You can either spend your energy focusing on what not to do OR you can focus on what to do.
Turns out this blog hiatus I've been on taught me something different than I was anticipating. Instead of finding a list of things I should be letting go of, like I have been doing for years, instead I found a shift of perspective. I've learned that instead of spending my time focusing on what I need to let go of, I am better served by focusing on what I CAN DO in my life.
No more trying to break some habit that isn't working in my life, instead I'm focusing on having more of what is working. Because when you're focusing on what it is that inspires you, what you want to create/do in life, and you're really putting your focus there, you no longer need to focus on what not to do. Because you're where you need to be; In that moment. What doesn't serve you goes away naturally, little by little.
As I'm putting my energy into what is flowing nicely in my life, to my surprise I found habits I've been spending years trying to rid, just naturally going away. All this time I've been doing the work to let it go, tracking my habit, noticing my triggers, doing the steps to stop it, forgiving myself when I fall back into the habit, getting up, starting again....
Turns out all I really needed was a refocus. A shift to focusing back on what I CAN DO, what I want to do, what I'm pulled to do. Focusing on doing rather than not doing, seems so common sense, yet I've spent years waiting to let go of some stupid habit to be ready to start doing what is I should be doing. Writing. I've been waiting until I felt ready. I've been waiting to feel READY to do.
"I'm not inspired," "I'm not in the flow," "I don't have words," all reasons why I wouldn't blog, I wouldn't work on my book, and eventually because I was finding it acceptable to not show up there, I would stop showing up in my journal as well. I adopted morning pages after reading, The Artist Way, by Julia Cameron 4 years ago. It changed my life, and brought me back to myself in a child like way. Journals saved my life as a kid, and again as an adult. Eventually I became so focused on what wasn't working I forgot to focus on what did. WRITING.
So here I am, after a refocus, and coming to you honestly. My days are still uncertain, because Steve's days are really never the same; but I've realized something, much like my focus on what isn't working has been a crutch for so long, so has my "unpredictable days". I would think, well there's no way I can ever fully commit to these goals I have, because I just don't know what Steve will need from me or if I will have the space. Turns out it's all been a bunch of BS excuses.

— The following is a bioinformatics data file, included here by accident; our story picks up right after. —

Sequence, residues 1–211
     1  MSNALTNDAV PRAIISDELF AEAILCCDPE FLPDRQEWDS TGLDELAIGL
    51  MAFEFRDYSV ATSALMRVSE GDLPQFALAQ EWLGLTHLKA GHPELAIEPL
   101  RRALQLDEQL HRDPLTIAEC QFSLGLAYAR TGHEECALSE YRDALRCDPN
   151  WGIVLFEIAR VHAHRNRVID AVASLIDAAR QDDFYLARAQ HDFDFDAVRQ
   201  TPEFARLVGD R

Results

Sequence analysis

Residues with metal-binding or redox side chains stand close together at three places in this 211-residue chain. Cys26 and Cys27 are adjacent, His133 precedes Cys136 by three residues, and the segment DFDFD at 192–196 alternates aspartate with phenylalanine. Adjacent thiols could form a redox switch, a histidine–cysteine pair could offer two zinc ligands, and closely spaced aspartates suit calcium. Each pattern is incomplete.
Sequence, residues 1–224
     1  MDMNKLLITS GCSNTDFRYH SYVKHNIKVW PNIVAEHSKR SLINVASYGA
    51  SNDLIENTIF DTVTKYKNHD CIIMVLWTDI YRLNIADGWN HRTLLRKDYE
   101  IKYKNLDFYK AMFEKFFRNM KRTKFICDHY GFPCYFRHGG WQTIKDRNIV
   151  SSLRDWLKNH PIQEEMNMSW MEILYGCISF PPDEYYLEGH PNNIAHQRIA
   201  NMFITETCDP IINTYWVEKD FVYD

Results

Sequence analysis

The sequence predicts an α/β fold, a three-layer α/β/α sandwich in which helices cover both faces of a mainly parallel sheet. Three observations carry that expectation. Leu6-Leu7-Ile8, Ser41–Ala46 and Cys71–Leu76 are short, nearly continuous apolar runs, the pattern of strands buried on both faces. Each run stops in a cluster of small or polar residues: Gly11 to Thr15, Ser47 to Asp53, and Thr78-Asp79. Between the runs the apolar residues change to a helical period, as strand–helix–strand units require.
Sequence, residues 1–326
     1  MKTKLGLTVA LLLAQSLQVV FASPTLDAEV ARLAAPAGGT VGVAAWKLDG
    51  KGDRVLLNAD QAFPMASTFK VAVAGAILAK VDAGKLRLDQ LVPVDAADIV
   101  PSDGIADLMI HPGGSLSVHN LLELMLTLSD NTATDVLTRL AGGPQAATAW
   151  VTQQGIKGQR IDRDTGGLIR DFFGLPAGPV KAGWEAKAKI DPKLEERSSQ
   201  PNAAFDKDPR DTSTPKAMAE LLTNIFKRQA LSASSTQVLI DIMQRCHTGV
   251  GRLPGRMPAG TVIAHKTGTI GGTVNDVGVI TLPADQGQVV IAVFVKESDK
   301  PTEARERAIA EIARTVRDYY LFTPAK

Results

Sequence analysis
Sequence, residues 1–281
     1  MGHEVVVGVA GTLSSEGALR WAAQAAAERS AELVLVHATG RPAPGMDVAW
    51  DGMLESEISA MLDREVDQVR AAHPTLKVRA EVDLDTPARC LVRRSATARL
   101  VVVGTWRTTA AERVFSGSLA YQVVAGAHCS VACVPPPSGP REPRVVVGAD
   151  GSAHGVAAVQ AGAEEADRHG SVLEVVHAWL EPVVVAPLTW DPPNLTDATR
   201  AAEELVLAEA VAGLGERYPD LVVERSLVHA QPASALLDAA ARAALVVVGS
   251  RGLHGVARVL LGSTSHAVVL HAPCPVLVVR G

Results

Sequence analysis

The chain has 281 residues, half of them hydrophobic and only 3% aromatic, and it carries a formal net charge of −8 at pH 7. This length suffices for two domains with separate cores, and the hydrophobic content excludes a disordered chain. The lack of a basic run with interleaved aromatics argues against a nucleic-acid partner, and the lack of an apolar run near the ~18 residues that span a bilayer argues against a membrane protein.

Do I need to allow myself to have "off" days? 100%, we all do really; but where's the line that doesn't let you excuse everyday as an off day? I had no line. I had no limits to my excuse because I wasn't "ready" to be doing anyways, because I was still trying to learn how to not do...
The other morning Steve was convinced he needed to go to the hospital. He then had a rough bowel movement, that is complicated due to his gallbladder being removed. The first 5 hours of my day I was in the room with him. It's where I needed to be, my focus was on what can I do to help ease his pain, and help him get comfortable. Once he was finally through the rough part, I was able to leave, exhausted, I told myself, okay nothing on the to-do list is getting done and immediately went to my cushion. After some meditating and some prayers, I pulled out the trusty journal. I did my pages, even thought they couldn't happen in the morning. I sat and wrote all the feelings I was having, and spilled all the words clogging my mind onto 8 pages of paper. After I immediately stood up, and completed some stuff on my to-do list, did laundry, cooked lunch, and sat down and worked on the book.
Something happens when I allow myself the space to focus on what I AM doing in that moment instead of finding myself weighed down by a list of things I need to not be doing, or holding on to 5 hours of unprocessed feelings, I worked through them, and I had energy. Not the I just drank a cup of coffee energy, but sustainable flow energy.
Recognizing this need to shift my focus has been a welcomed gift to my life, which helped me begin to see where I DO HAVE THE SPACE to do. Not only do I have the space, but this focusing on what I'm doing, it fills me up with more (space, love, energy,...).
So I leave you with some questions. Where are you focusing? Do you need a refocus? What are you using as your excuses? Leave me some comments, I would love to engage more with everyone reading my blogs. What the world needs more of these days is certainly community.